Wednesday, July 02, 2008
Obama's call for federal support of faith-based groups is tricky; recall the BSA case
Democratic presidential candidate Barack Obama has brought back what many people viewed as a negative idea in the opening months of the Bush presidency, providing federal support to faith-based organizations that in turn offer charity. The Washington Post story appears today (July 2) on p A03 and has the following link. The story includes a video clip of Obama.
Obama has a proposal for a Council for Faith-based and Neighborhood Partnerships.
The idea has drawn criticism because often faith-based organizations may want to discriminate against certain people, especially LGBT people, whose cultural values or “behaviors” may contradict that “faith-based” beliefs. In other words, such a practice could bring the ages old conflicts of religion and homosexuality back into some workplaces.
Obama has said that he supports federal legislation protecting gays (like ENDA), as well as lifting the military “don’t ask don’t tell” policy. He says that groups receiving federal funds would have to make services available to everyone, not just members of their own groups, and could not make services predicated on listening to religious proselytizing.
It is not clear if he would urge that Congress require such religious groups not to practice discrimination in hiring.
The issue of private groups that use public resources has been well illustrated by the Boy Scouts of America. The Supreme Court had ruled (in Boy Scouts of America v Dale, 2000) (Cornell law school opinion here that the BSA could use its own standards for membership and hiring because it is “private”. Since then, some communities have denied the BSA access to public facilities because of its discriminatory policy. Ironically, Gays and Lesbians for Individual Liberty had supplied an amicus brief supporting the BSA on libertarian grounds. (for example, here. I recall that the BSA used to show up at job fairs in Dallas for computer programmers back in the 1980s.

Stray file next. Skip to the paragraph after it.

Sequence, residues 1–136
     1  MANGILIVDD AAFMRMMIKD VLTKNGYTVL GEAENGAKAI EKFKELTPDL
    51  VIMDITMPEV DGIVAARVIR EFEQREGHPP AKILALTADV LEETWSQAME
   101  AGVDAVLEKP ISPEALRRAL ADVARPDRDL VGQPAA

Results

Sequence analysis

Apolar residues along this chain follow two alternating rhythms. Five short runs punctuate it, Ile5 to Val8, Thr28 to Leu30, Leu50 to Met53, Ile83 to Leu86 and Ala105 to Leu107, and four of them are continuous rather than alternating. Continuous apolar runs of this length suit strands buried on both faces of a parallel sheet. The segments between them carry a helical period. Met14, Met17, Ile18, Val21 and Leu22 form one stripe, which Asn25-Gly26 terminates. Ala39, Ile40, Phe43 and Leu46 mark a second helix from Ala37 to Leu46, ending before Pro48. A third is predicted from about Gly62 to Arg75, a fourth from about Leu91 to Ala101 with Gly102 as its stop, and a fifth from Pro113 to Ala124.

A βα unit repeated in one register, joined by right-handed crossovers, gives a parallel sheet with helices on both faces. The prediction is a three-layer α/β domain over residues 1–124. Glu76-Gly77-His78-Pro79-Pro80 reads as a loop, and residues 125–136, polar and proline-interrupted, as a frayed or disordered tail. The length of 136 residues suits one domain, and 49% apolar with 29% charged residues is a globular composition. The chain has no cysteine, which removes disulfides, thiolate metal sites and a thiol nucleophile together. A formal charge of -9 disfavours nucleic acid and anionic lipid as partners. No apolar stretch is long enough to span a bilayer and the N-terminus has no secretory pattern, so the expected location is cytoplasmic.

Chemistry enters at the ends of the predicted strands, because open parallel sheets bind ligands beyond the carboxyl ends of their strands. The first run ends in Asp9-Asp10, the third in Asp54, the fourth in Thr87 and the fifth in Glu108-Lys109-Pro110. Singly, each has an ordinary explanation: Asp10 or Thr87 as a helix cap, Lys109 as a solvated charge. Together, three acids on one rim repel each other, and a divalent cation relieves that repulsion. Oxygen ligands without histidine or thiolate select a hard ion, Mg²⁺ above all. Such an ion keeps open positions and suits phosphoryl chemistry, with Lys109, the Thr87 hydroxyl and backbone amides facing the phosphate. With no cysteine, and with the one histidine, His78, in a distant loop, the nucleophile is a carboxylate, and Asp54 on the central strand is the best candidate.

My own personal practice is that I do not want to work for religious organizations or for lobbying or special interest advocacy organizations whose beliefs would be contradictory to mine or which would view me as a second class citizen, even if I was protected by ENDA-like laws.
Later today, major media reported on Obama's appearances in Colorado Springs, CO, a generally conservative city, home of "Focus on the Family". Obama appealed to voters their by talking about his proposed strong carrots for national service. Implementing such a program would force the government to think about dealing with gays in other potentially "intimate" situations (my posting June 26), and would hopefully increase the pressure to overturn the military "don't ask don't tell."